Wednesday, May 28, 2008

Crape Myrtle Watch 080528

It's been a little warmer this past week . . . So how are the crape myrtles doing?

The one I'm calling "New Orleans" No. 1 is spreading nicely:
New Orleans No. 1
New Orleans No. 2
"New Orleans" No. 2 is worrying me a little. Not because it's not healthy and growing, but because it doesn't look like its twin. Kind of like Arnie Swarzenegger and Danny DeVito, ya know?

In fact, the plant that was labelled "Pixie White" looks more like a mini than "New Orleans" No. 2 does. Separated at birth?
Pixie White.  Maybe.
"Bayou Marie" should be the biggest of them all in this bed, but so far . . .
Bayou Marie
And, as before, "Velma's Royal Delight" isn't being too delightful. If it doesn't take hold, do I lobby for a replacement? Or give up and plant something else?
Velma's Royal Delight
I forgot to take any overall views today; at least, not of the crape myrtle bed out by the sidewalk. So to make it up to you, may I present my first full-blown poppy of the year?

Wednesday, May 21, 2008


I'm tired, tired, tired.

Yardwork, which is to say, back garden work.

Got the new bed for the blackberries and so on finished last week. The sand cherry is moved out of the northwest corner into the east border, the new Solomon's seals are now in along the north fence, the saxifrage is moved from behind the kerrias in the north border to a position in front of them, and the new Jacob's Ladder (polemonium caeruleum) is where the saxifrage used to be.

And the blackberry is in the ground, as of yesterday.

The great struggle this year is against the maple tree seeds. Is there some conspiracy among maple trees that induces them all to let go in natural-disaster proportions in certain years? First my Norway maple covered the bottom end of the backyard with what looked like yellow-green snow. I swept and raked up the little paired green whirligigs, from the walk, the north border, and the unplanted garden beds. Then the neighbors' silver maple let loose a week-long barrage of pale brown samaras. Maple seeds everywhere! On the walkway! On the garden cobbles! On the beds I'd raked out before! In the borders! On the porch!

And especially in the grass, nose-down, wings in the air, looking like unexploded bombs protruding from the wreckage of London during the Blitz. Or lying flat and myraid in the bare patches I have to reseed.

I think the neighbors' tree has about shot its bolt. I think. So yesterday evening I went out and raked maple seeds out of my yard. And raked, and raked, and raked. Filled up the ComposTumbler with them but there were still thousands to go. Filled up a large black lawn bag with them, but there's still more out there. Ran the lawn mower over them, but they're still in my grass, waiting to explode, waiting till I drop my guard for one minute, conspiring to grow into saplings that'll defy my mower blade and mock the strain in my back as I bend to pull them by hand.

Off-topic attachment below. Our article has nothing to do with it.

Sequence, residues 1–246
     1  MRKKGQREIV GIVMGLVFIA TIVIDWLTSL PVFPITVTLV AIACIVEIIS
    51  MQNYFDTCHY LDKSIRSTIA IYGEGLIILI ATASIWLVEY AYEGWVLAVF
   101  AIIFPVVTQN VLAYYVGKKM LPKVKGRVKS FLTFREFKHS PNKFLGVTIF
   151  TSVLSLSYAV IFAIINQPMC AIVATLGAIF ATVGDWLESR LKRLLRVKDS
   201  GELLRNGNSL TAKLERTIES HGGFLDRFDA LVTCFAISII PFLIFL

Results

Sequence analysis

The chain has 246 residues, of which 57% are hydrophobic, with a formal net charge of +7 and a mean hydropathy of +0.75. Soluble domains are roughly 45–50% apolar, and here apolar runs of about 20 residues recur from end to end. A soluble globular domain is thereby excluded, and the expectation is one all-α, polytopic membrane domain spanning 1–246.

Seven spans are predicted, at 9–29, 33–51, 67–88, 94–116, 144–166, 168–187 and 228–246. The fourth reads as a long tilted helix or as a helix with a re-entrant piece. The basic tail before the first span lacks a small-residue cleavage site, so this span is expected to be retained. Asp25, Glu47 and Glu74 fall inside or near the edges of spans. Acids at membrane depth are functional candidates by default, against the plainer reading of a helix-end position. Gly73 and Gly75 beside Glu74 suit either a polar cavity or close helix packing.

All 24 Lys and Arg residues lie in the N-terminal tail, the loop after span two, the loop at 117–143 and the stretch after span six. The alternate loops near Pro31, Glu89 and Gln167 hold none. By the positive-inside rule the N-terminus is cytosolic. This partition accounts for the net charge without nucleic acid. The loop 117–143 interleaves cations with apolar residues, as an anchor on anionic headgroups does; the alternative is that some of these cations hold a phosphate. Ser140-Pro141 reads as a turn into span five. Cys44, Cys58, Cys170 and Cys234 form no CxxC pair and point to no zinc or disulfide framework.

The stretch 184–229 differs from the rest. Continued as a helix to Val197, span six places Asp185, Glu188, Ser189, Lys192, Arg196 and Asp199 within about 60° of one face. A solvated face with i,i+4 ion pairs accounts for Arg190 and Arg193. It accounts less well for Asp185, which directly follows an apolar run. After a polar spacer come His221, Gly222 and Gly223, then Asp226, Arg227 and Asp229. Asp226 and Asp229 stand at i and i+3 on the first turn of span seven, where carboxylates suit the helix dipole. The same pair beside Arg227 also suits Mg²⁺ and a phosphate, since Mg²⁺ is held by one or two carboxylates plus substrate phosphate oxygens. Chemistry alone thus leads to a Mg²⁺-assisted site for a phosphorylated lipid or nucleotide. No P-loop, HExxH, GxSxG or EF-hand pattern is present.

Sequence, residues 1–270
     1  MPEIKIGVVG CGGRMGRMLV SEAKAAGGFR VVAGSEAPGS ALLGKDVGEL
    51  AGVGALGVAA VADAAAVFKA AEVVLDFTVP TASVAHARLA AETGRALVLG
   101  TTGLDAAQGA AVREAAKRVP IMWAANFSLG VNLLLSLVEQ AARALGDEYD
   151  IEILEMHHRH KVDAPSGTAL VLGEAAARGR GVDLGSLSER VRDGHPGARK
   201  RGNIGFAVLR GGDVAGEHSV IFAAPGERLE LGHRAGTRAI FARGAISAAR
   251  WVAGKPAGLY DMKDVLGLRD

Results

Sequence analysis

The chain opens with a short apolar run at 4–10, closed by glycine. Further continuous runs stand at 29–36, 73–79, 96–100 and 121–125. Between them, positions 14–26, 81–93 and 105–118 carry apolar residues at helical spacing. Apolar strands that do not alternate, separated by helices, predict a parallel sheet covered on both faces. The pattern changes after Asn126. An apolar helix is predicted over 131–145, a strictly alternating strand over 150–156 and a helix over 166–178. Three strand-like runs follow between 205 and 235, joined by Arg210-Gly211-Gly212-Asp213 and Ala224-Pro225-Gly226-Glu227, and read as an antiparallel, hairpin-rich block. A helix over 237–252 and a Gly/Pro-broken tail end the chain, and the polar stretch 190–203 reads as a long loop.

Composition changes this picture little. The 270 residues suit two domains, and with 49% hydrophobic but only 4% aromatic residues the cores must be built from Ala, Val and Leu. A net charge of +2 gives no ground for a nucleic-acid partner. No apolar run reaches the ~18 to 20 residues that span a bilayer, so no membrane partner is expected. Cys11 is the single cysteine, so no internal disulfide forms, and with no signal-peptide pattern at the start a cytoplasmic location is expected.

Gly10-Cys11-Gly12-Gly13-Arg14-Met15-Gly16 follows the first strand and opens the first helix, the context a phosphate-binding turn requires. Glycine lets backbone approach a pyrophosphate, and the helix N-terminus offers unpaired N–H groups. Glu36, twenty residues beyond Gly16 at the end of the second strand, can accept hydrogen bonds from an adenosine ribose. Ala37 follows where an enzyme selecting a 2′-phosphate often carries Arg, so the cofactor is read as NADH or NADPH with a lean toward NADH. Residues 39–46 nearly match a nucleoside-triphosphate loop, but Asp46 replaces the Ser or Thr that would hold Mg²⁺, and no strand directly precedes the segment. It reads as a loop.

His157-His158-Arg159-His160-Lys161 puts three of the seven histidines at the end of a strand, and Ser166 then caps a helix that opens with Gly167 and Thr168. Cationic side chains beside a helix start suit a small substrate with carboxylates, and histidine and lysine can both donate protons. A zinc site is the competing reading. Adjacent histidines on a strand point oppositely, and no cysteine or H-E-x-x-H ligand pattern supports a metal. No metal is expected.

I do not care. I'm too tired to mess with it anymore. The backyard is going to get reseeded whether the maples are invading or not.

In a day or two. When I'm not so tired.

Then today, I fork-turned one of my four garden beds. It needed turned because I emptied last year's ComposTumbler load into it and the new compost had to be integrated. It needed turned because the maples in my yard love the amendments and fertilizer and water so much, they spread their roots in anew every year. I have to smack their little rooty fingers, as it were, and say "Hands off!"

But where, oh where did those new rocks come from? I know I double-dug that bed three or four years ago! I've been turning it over by spade and fork every year since! Why should I be hitting big roundy rocks 10" down now? Did the rock gnomes bring them via subterranean passage? They can't be petified potatoes I forgot to dig last year; I've never grown potatoes yet!

Well, the rocks are now out. Some of them, anyway. And the bed is forked and turned. And I've got six seedlings of broccoli planted, and despite the wind, mulched with newspaper and ground-up leaves. And a bushel more maple seeds are swept off the cobbles of the garden paths.

And I am tired. Too tired to upload pictures.

Maybe later.

Crape Myrtle Watch 080521

What I'll do for the cause of Science!

I mean, what's the use of embarking on an experiment if you're not going to collect your data at the planned intervals? And what's the use of collecting the data if you're not going to present it?

So here, in the usual order, are the lagerstroemias:

First, the overall view, with the daffodils I transplanted from the backyard to make room for the transplanted sand cherry, which got moved to make room for the new Nikko Blue hydrangea:

Then "New Orleans" No. 1:

And "New Orleans" No. 2:

"Pixie White":

"Bayou Marie":

And "Velma's Royal Delight." Is Her Highness sulking? I realize the weather's still been pretty cool, but not a leaf bud? Not a peep? O fie!

Wednesday, May 14, 2008

Crape Myrtle Watch 080514

Here's the Wednesday, May 14 update on the progress of the crape myrtles I put in last January. First, an overall shot:

Then one "New Orleans." This is actually the one closest to the (nonfunctioning) solar lamp.

The other "New Orleans" sounding a note:
"Pixie White" with its baby leaves: